Outside the main market, there was a little weekend event I really liked the idea of – a set-up to educate kids about where the foods on their plate actually come from, including meats. I’ve seen and read a bunch of things in which people just have no idea about this sort of thing, so I though it was a cool concept. There was one aspect which worried us a little bit though, in particularly B. Our visit was only a month or two after Copenhagen Zoo had publicly shot a baby giraffe in the head, then dissected it in front of anyone who cared to watch, young and old (here’s a link if you’re interested). At the market there was a large bull drawn up with all the various cuts of beef, and after the giraffe episode we were just a little concerned that we might witness a repeat in the middle of the street. The bull survived, however (while we were there at least), and the kiddies had to make do with a look at the inside of two halves of a pig sliced right down the middle, and a pet of a miniature pony and some chickens. Very educational.
By evening the weather had started to set in, and for dinner we rushed into the nearest place which looked alright for a bit of shelter. As it turned out, we’d picked an American/Australian combination restaurant. The food was very nice, and probably only cost about a full day’s wages (a bargain!) but we did feel slightly guilty for not making a little more effort towards finding something a little more Danish.
Afterwards we headed for Tivoli Gardens, another of the main attractions of Copenhagen. A cross between an amusement park and a scenic garden, this was another place I’d been recommended before our visit, and with more than four million visitors each year it is also one of the most popular theme parks in Europe. However, while we were standing out front in debate about risking the entrance price against the heavy clouds the rain started bucketing down, and we had to run into a bar for cover and give Tivoli a miss. I was a bit disappointed, since the whole place looked and sounded very fun, and the idea of riding a bunch of roller coasters at night appealed. We went back to the hotel instead.
In the morning the weather was much more favourable, and after checking out and storing our bags we went for another walk. We had two main spots to visit before we left: Rosenborg Castle and Gardens, and the Round Tower.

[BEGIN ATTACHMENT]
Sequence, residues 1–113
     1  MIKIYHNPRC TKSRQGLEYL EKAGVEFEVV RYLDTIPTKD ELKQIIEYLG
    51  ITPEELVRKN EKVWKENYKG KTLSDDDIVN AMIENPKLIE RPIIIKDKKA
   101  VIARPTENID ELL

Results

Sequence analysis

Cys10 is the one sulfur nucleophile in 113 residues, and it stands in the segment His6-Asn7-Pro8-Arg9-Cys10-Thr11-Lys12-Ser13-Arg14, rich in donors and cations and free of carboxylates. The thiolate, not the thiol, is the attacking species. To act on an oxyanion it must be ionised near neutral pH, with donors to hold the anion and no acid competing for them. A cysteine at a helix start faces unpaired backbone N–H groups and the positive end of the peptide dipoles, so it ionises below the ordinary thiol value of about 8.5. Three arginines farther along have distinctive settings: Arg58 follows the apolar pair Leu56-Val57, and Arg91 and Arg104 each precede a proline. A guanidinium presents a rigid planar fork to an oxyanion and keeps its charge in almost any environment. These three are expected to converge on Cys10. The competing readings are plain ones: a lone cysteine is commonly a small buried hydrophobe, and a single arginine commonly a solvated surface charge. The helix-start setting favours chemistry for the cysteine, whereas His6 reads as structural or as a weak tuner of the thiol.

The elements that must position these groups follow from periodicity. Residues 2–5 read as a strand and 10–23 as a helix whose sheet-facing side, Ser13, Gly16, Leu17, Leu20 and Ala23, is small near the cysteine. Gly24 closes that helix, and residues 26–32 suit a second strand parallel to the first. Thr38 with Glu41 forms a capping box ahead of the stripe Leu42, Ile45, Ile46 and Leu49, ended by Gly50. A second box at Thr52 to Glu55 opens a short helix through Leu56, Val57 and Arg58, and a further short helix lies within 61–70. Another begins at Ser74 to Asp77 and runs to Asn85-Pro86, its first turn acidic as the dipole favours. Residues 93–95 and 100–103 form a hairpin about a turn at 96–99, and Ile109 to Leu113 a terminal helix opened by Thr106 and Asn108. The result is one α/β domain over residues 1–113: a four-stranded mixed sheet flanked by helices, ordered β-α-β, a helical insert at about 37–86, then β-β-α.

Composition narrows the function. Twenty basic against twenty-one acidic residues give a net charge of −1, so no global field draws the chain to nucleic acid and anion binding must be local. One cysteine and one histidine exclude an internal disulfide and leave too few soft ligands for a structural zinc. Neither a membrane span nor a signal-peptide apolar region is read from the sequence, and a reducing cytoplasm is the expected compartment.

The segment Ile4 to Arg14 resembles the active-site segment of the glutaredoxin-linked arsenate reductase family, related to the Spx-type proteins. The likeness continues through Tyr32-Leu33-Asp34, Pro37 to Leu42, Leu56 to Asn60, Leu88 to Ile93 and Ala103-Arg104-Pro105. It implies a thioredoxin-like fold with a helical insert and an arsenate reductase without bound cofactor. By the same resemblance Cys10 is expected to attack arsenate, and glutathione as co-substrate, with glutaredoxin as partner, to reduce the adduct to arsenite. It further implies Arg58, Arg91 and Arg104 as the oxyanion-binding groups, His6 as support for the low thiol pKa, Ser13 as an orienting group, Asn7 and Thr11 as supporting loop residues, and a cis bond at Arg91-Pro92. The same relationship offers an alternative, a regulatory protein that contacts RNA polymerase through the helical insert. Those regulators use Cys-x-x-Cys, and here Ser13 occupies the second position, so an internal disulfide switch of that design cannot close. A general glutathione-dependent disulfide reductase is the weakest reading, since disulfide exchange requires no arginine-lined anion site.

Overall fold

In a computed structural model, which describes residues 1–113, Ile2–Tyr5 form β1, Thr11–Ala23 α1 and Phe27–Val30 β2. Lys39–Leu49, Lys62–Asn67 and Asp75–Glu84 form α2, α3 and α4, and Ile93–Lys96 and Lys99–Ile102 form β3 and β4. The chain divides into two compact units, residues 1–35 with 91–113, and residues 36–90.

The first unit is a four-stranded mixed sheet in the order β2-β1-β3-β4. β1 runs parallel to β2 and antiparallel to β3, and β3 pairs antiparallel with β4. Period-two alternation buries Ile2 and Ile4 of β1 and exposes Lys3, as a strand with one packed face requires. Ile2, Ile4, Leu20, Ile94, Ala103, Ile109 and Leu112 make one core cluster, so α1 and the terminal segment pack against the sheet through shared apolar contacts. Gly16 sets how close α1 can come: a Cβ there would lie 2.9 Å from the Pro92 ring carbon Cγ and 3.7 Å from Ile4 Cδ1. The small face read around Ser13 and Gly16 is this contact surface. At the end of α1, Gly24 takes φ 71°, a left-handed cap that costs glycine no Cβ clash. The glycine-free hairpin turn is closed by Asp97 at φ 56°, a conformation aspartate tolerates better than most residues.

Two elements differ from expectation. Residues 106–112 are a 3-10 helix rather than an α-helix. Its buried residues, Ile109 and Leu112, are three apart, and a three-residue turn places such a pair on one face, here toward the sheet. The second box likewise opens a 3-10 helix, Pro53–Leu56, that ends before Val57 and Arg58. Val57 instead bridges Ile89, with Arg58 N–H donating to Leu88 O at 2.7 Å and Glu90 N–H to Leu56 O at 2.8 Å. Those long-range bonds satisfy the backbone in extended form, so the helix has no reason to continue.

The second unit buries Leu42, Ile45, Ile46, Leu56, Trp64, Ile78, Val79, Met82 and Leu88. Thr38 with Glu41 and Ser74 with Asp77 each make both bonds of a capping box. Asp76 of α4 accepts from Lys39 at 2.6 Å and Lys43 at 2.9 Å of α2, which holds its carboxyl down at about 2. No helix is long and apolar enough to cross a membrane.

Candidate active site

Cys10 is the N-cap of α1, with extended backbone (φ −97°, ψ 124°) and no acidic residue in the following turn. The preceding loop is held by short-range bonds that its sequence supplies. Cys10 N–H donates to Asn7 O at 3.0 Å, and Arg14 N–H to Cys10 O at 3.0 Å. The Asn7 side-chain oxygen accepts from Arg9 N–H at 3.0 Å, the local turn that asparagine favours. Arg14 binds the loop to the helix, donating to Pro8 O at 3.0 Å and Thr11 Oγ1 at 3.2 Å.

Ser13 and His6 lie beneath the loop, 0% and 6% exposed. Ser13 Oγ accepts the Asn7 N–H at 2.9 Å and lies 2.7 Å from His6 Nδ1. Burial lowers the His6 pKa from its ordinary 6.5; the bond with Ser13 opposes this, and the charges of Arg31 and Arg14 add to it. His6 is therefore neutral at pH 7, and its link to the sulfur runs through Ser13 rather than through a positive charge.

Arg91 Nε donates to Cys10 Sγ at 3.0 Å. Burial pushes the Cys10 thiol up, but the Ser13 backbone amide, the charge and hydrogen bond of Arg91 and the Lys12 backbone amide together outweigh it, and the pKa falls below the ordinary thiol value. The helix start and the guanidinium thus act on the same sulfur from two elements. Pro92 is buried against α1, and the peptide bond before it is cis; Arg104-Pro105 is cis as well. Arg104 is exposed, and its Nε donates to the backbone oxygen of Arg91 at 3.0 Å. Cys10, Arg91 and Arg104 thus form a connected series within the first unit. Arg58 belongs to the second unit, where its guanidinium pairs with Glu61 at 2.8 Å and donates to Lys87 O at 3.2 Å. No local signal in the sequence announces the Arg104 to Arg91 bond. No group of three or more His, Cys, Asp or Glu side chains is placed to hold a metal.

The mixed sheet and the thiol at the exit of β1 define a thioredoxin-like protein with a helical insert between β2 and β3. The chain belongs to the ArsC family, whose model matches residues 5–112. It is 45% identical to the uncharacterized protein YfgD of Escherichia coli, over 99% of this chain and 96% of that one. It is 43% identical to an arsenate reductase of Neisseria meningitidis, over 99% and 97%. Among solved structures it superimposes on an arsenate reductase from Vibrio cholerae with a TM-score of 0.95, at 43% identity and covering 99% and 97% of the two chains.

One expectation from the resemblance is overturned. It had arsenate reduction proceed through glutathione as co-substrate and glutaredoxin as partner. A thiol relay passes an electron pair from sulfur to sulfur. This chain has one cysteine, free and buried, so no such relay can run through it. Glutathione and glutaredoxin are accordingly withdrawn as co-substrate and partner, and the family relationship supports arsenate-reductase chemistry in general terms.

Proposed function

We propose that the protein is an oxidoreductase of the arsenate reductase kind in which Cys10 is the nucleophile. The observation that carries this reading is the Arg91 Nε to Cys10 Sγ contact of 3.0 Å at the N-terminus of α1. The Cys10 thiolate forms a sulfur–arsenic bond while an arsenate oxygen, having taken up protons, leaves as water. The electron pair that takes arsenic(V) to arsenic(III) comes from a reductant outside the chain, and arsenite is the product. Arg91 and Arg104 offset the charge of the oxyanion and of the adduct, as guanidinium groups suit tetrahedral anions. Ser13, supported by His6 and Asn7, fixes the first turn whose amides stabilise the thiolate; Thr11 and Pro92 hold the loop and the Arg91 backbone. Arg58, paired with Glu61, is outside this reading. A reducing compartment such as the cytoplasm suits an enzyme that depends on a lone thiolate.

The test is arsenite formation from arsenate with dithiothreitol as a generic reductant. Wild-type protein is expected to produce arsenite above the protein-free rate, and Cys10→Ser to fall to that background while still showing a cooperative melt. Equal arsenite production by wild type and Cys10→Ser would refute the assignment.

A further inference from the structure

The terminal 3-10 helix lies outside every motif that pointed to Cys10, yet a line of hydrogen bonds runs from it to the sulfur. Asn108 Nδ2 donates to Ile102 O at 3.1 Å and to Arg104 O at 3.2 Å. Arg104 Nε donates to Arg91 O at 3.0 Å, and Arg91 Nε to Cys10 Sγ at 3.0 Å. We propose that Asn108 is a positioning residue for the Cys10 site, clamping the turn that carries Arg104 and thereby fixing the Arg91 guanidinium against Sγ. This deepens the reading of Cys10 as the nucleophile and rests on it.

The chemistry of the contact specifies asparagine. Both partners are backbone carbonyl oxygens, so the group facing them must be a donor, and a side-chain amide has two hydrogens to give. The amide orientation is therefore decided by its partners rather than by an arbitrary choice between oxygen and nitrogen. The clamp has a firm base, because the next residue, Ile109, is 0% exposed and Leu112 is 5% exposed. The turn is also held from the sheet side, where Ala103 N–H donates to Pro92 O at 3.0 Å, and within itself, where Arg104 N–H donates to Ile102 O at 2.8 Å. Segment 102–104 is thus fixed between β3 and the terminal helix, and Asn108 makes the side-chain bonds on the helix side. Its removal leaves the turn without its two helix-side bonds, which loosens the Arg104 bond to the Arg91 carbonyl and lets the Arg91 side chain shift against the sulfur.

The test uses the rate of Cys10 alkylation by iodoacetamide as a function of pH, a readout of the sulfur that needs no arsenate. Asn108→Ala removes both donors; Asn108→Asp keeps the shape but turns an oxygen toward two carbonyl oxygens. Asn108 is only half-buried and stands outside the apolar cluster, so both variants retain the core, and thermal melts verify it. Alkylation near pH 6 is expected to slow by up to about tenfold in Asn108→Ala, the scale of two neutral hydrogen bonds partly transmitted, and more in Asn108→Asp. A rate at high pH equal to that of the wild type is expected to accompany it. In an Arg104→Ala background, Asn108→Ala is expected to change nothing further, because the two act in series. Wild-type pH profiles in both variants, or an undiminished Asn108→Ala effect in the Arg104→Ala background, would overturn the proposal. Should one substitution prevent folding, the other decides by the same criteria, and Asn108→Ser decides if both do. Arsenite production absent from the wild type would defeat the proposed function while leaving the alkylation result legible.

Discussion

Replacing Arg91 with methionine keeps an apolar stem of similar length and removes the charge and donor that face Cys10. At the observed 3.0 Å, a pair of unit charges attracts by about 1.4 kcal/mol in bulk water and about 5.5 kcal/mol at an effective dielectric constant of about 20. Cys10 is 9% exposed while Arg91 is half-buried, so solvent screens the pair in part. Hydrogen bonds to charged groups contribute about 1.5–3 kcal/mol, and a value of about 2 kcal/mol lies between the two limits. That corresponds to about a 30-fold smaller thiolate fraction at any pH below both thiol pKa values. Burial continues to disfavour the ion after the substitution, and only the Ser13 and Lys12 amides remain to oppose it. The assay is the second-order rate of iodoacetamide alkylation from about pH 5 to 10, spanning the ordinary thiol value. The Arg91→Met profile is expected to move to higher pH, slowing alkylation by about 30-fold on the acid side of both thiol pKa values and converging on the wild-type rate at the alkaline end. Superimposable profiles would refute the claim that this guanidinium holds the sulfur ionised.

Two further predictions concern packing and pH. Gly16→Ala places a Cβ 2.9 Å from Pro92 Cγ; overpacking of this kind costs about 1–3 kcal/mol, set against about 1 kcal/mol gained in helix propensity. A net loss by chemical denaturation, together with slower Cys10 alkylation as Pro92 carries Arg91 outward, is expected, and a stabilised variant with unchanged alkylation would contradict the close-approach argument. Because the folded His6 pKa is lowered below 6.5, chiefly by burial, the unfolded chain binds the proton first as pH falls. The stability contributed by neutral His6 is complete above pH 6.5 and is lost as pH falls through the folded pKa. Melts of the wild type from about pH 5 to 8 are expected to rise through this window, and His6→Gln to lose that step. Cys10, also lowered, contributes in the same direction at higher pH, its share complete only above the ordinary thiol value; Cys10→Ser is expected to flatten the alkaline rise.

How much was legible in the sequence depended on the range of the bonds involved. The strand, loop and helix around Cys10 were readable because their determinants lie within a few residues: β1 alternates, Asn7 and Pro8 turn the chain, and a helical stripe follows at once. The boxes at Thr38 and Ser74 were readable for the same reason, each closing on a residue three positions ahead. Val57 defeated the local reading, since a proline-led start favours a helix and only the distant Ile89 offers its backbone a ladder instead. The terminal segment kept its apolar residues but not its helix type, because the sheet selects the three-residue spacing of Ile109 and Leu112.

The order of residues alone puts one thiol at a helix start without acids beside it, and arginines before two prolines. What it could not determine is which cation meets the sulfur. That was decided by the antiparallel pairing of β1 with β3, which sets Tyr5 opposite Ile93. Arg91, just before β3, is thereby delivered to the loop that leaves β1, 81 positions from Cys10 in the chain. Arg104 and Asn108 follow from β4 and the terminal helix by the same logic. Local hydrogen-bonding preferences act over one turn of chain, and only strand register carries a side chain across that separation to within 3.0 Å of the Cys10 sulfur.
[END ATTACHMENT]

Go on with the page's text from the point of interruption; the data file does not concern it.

We started with the castle and surrounding gardens. Rosenborg Castle began life as a royal residence, but hasn’t been used that way for at least 300 years, aside from a couple of emergencies. It is now a museum, housing the Danish crown jewels among other things, and while it was quite reasonably priced (free up to 17 years, 90 krone – £8.50 – after that) we had limited time and decided to give it a miss. It is a very picaresque building though, and so I struck my pose in front of it for a photo before we left. We wandered the gardens for a while, which were immaculate and very nicely laid out, and also full of the more usual sort of European statue (after the Mermaid) – the violent sort. My favourite was a man riding a horse and stabbing a snake, which really suited the nice relaxing surrounds. Lovely.
The Round Tower was our last stop of the trip, and well worth the visit. I didn’t know much about it at all other than it was a tower with a ramp rather than stairs to get to the top, but it turned out to be much more than that. At the bottom was a church, and probably one of my most favourite I’ve seen so far. Rather than the standard grand but dark and gloomy look most seem to have favoured, this one was light, airy and even a little homely; a nice place to be in, rather than just impressive. The photo below definitely doesn’t do it justice. Next was the Round Tower itself, which, as I mentioned, works its way using a curving ramp rather than stairs. I know that sounds a little dull, but we both thought it was a very pretty building on the inside. The brick ramp in particular was just quite pleasing to look at. Halfway up the Tower is a exhibition space called Library Hall, which was showing a bunch of modern art when we passed through, but which is regularly used for public concerts and things as well. Finally, at the top of the ramp is one of the oldest working observatories in Europe, open to amateurs and the public over the winter, and some great views of Copenhagen. It was extremely windy and cold when we made it up there though, so we didn’t linger more than a few minutes. All in all, this was a surprisingly interesting attraction, and we ended up spending a reasonable amount of our remaining time there.
And that was about all we had time for in Copenhagen. We wandered the beautiful little old streets for a while longer, while deciding whether or not we could live there (always a fun game). The answer, in this case, was probably not. The reason being that while it was cold enough even in May, the steep roofs, tiny windows and massively thick walls on all the houses made it pretty clear it got much, much colder over winter. Without the prospect of nearby ski fields that is just a bit too cold for us. Which is a shame, because Copenhagen was one of my favourite places yet.
Next up on our travels – beach time in Barcelona!